software source code was openly published and shared long before the term
Open Source was invented. Kermit 95 was the Kermit Project's first and
only commercial product, developed and published to generate income to help
fund the project and its noncommercial products at a time when the Kermit
Project had to pay for itself or disappear.
for a Kermit 95 tutorial.
As of July 1, 2011, there is no more
Kermit Project at Columbia University, and all Kermit software has
become Open Source. The last K95 release was version 2.1.3 in 2003. The
Open Source version has not yet been released in usable (executable) form
yet because more work is required, and nobody is being paid to this any
more. It will have a lot of improvements, but will also lack (at least at
first) some previous features that can't be made into Open Source (e.g. some
proprietary code that we licensed). But it will be free for everybody to
download, install, use, and modify.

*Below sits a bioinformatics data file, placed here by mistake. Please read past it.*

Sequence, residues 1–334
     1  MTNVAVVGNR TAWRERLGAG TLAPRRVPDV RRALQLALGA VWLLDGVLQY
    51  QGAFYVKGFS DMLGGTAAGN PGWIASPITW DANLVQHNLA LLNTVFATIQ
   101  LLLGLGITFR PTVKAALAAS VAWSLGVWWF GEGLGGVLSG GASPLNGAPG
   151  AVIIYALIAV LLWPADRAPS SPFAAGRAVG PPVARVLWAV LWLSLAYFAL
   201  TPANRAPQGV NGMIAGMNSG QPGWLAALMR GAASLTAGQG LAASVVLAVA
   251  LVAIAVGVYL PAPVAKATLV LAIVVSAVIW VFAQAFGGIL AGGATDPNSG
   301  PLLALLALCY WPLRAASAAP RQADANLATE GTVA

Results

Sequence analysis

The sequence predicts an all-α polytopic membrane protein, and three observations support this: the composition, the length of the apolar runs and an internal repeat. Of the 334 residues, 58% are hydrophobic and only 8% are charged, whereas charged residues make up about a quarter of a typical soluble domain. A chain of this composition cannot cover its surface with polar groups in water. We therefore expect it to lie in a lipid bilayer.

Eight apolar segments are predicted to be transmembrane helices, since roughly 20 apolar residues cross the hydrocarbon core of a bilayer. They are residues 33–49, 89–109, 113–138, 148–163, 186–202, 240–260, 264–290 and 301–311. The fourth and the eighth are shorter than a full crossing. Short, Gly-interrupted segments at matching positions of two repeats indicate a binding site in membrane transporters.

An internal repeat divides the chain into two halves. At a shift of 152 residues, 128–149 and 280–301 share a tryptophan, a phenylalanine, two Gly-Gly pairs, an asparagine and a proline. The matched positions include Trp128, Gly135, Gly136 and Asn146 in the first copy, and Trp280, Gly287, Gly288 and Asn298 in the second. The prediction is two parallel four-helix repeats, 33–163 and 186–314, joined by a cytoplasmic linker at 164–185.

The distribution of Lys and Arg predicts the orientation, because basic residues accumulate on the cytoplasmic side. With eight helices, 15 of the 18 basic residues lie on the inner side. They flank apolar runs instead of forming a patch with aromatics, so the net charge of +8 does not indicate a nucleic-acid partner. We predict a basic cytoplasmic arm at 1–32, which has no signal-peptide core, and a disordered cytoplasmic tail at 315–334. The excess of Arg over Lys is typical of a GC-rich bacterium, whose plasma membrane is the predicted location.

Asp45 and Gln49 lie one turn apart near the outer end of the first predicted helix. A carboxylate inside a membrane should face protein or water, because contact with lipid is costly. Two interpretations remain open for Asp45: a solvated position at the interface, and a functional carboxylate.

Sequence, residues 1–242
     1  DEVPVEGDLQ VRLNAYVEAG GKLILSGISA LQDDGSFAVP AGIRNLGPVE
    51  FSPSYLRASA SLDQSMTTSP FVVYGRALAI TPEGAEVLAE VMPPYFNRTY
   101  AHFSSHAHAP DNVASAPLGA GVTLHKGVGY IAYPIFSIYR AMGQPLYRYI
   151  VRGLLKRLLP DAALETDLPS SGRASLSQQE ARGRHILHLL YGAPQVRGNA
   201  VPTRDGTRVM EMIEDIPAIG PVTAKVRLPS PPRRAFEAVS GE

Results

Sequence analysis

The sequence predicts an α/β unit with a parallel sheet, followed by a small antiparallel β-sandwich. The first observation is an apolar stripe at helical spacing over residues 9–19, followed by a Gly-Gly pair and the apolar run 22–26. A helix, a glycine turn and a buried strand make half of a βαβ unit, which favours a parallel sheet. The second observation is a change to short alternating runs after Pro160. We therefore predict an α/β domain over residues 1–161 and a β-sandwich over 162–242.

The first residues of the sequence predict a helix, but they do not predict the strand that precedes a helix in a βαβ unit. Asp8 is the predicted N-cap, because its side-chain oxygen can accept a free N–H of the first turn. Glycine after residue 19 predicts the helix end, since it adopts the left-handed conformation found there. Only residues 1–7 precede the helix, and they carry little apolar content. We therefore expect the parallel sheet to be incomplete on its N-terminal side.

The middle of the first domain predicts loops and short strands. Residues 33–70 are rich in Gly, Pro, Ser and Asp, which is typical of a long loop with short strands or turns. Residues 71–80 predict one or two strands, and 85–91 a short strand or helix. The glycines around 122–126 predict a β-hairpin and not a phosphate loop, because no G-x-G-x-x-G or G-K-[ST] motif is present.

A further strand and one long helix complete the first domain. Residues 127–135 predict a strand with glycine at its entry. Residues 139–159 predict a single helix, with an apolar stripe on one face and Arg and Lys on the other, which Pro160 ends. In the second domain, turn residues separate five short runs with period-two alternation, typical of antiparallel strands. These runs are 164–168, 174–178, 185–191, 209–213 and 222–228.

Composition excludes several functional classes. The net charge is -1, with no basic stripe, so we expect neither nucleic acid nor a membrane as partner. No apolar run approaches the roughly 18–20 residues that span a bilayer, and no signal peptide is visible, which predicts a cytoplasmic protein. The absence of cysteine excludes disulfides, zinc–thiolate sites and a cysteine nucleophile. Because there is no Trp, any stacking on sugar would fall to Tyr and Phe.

Why work on Kermit 95?
- It's retro! Experience the look and feel of computing as it was at the
height of the timesharing era, circa
- It's handmade by real programmers.
- It is unbelievably handy for sysadmin, website development and
administration, software development, and other backoffice tasks.
- It has a programming language built in that you can use for
file-managment tasks on Windows or anything you dream up.
See the Kermit Script Library for examples.
- Kermit 95 is one of a family of programs that run on many different
operating systems and platforms, offering a uniform and compatible
repertoire of functions, commands, and programmability, allowing the same
scripted procedures to operate on Windows, Linux and all other Unix
varieties (old and new), and VMS. The basis for all these programs
is C-Kermit, which has been evolving all these
years since K95 was last released, so the last release of K95 lags far
behind in its scripting capabilities. The new release (as it stands) is
fully integrated with C-Kermit 9.0.
The Kermit Project hosted by